Monday, February 28, 2011
Yesterday our sacrament meeting theme was charity, specifically President Monson's talk Charity Never Faileth from the last Relief Society broadcast. It struck me when I first heard it, and it was good to hear about it again. He really emphasizes not judging others in this talk, and as I listened to the speakers, I was mentally reviewing. I decided I was doing pretty well with not judging.
That was during sacrament meeting.
Fast forward to our bishop's youth discussion last night, where I was struck with a blow – I realized that I was not doing so well with not judging after all.
The bishop had invited a young-ish couple to speak to us. As soon as I saw them sitting there, the judgments started pouring out (only in my mind, thankfully, but still):
They are young and wealthy.
I wonder how they got so much money?
Their kids are always wearing new, cute clothes.
She always looks perfect.
How does she stay so thin?
She's kind of standoffish.
Then the bishop announced that he had asked them to talk about the importance of material things. Come again? I was squirming a bit.
She went on to tell us about the struggles they have been confronting during the last couple of years. He was a successful entrepreneur (ah, that's how they got all that money), but when the economy tanked he had to close down his business. They decided they would rather try to pay their creditors than declare bankruptcy. His employees were at least able to collect unemployment, but as the business owner, he had no such recourse.
She decided to sell whatever she could on eBay or ksl.com in order to generate some income. She sold the art she had been collecting for years. She sold their TVs, DVD players, furniture, clothing, anything that was not a permanent fixture. He would come home, look in his closet, and say, "hey, what happened to...?" and she would reply, "Well, you didn't wear it last week, so I sold it!"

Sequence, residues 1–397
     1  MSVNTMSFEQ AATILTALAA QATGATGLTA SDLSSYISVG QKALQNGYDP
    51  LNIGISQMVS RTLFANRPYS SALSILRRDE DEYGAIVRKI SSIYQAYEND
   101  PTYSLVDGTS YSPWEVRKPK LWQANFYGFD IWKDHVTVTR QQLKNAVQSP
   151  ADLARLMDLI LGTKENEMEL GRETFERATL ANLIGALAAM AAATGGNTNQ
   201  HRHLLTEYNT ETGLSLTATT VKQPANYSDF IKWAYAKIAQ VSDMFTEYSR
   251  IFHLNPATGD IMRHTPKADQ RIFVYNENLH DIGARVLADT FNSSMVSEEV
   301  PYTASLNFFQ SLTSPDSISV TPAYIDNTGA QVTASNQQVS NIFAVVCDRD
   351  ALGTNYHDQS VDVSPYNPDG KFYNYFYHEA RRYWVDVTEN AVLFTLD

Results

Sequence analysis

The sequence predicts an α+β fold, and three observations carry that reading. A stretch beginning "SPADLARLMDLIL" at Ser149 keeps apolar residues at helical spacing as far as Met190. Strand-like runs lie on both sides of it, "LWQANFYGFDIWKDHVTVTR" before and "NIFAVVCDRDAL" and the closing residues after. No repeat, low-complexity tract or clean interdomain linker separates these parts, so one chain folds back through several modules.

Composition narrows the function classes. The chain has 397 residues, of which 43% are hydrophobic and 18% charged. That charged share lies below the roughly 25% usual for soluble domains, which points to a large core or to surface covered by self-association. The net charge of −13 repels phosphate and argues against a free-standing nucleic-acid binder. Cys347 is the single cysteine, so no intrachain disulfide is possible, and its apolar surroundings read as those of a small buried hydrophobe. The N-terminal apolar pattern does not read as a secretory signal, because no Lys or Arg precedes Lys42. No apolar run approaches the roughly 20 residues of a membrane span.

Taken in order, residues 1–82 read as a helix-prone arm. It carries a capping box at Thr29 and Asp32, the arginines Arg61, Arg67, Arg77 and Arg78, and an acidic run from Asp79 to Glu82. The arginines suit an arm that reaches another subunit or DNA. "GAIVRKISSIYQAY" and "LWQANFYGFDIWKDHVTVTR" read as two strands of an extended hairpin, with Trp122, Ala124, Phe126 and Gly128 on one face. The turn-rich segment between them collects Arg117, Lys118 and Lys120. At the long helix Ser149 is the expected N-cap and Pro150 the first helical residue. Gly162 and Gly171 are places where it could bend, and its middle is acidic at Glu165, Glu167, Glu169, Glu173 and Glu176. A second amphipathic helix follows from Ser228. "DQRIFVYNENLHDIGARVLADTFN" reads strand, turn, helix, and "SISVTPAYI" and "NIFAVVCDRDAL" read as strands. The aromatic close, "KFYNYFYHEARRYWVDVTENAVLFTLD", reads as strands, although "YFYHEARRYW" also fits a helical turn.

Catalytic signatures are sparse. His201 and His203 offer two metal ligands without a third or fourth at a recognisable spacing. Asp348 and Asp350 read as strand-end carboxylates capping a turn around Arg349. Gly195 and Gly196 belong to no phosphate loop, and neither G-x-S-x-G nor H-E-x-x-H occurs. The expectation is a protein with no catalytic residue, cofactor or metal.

She told us with tears in her eyes that as hard as it was to see all of their possessions going out the door, she was so very thankful that she learned what was truly essential to her: the relationships she has with her family. Now that their financial outlook is getting brighter, she said she is holding tightly to the lessons she learned during this long, difficult struggle and knows what it means to be thankful for trials.
He talked a bit about learning the value of money, putting in an honest day's work, and learning to live within your means. He challenged the youth to save towards their missions and education.
I feel like I was served, yet again, a big slice of humble pie.
It just goes to show me that everyone has their struggles, even when they are not visible to others. I have no right to be judging people, for any reason.
How I wish I could learn this lesson, once and for all!
p.s. For family home evening tonight, we talked about money management: the importance of paying tithing first, and we implemented a plan for the kids to put aside savings for missions/education. I passed out allowance for the month and they divvied up their money in different envelopes. (Eva was excited to join the ranks.)